Business accounts also came under fire from WalletHub, largely for high rates associated with them compared to personal accounts. Based on survey results, business accounts were 46% more expensive, had 4% fewer features, and offered 57% lower interest rates than consumer accounts.
Whenever possible, Papadimitriou stressed that small businesses, especially sole proprietorships, should switch from business accounts, which often are more expensive because of their real or perceived complexity, to personal accounts that offer most of the same features, but at a far lower cost.
“Forget the label on the account,” Papadimitriou said. “Just get the best checking product that you can.”
With the promise of rising rates, Papadimitriou stressed that both consumers and financial institutions should be aware of marketplace changes that will effect relationships between institutions and their depositors looking for greater return on their dollars. Rapidly evolving financial technology also will mean a sea change in the way consumers conduct their financial business, something that has already put many credit unions behind the eight ball in their marketing efforts, Papadimitriou said.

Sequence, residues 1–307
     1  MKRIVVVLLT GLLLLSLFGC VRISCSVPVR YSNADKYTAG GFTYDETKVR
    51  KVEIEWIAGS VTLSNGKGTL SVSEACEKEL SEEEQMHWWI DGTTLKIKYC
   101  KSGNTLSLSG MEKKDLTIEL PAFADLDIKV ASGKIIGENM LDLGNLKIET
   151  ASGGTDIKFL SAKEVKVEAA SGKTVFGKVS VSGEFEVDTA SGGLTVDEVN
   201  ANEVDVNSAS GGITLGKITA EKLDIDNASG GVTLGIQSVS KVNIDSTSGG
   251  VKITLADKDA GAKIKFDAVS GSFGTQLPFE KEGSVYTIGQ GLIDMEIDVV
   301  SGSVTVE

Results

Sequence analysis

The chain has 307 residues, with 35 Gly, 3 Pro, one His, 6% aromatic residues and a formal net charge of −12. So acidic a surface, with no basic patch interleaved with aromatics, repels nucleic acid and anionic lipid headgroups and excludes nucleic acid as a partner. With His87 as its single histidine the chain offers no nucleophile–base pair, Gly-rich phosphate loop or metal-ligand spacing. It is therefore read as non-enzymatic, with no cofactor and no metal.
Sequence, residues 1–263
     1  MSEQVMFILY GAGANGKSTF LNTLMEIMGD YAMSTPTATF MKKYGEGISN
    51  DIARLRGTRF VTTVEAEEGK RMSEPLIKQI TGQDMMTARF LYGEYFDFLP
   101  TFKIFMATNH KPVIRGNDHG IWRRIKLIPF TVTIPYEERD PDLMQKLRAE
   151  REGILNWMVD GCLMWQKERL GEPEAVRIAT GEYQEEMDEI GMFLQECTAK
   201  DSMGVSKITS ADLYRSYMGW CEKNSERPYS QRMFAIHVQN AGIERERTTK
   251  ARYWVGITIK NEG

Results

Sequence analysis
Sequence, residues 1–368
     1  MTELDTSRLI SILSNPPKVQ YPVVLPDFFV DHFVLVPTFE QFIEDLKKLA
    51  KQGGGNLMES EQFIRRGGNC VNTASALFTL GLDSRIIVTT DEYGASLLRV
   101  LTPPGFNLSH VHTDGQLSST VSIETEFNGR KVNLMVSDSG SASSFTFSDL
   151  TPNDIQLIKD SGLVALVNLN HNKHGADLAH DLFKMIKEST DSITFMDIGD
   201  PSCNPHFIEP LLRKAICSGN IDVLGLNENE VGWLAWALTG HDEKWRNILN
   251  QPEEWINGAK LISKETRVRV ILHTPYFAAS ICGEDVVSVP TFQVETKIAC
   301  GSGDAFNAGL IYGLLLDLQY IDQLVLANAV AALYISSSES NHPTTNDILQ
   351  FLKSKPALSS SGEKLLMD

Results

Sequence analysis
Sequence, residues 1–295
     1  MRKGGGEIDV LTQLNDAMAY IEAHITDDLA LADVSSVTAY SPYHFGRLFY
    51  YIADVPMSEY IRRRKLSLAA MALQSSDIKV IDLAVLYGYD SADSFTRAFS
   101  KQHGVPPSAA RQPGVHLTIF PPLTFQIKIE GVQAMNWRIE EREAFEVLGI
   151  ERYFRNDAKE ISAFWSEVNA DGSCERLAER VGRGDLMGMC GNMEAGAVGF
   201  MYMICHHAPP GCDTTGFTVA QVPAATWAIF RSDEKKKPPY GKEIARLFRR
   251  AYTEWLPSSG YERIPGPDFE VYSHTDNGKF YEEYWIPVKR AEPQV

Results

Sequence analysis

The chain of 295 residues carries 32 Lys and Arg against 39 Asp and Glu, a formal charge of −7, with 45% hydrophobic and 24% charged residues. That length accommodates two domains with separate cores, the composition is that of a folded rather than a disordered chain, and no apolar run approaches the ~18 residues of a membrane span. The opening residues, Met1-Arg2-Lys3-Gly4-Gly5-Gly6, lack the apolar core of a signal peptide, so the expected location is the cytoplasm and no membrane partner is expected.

“We created an online marketing tool at WalletHub like the big banks use and offered it free of charge to credit unions with no strings attached,” Papadimitriou said. “We’ve gotten some inquiries, but so far no takers.”
The WalletHub tool is an online app that would allow credit union members to rate credit union services. By literally pasting a few lines of copy from http://wallethub.com/widgets/reviews/ onto the credit union's web page, the institution could have a significant marketing boost through an increasingly familiar consumer-support advantage, according to Matei Nicolae, WalletHub's product manager.
“Our goal at WalletHub is to level the playing field within the industry by giving credit unions free access to the same tools that mega-banks use,” Nicolae said. “It's proven that when leveraged correctly, user reviews can increase conversion rates by 20% to 50%.”
Citing data indicating that 72% of consumers place a high value on positive consumer reviews, WalletHub officials remain puzzled by the fact that, after reaching out to hundreds of credit unions in the six months since that app was introduced, none have taken them up on their free offer.
“I myself have emailed credit union CEOs with the offer, but they say, no, that they are not interested at this time,” Papadimitriou says. “I think there is some issue with a lack in marketing sophistication going on here.”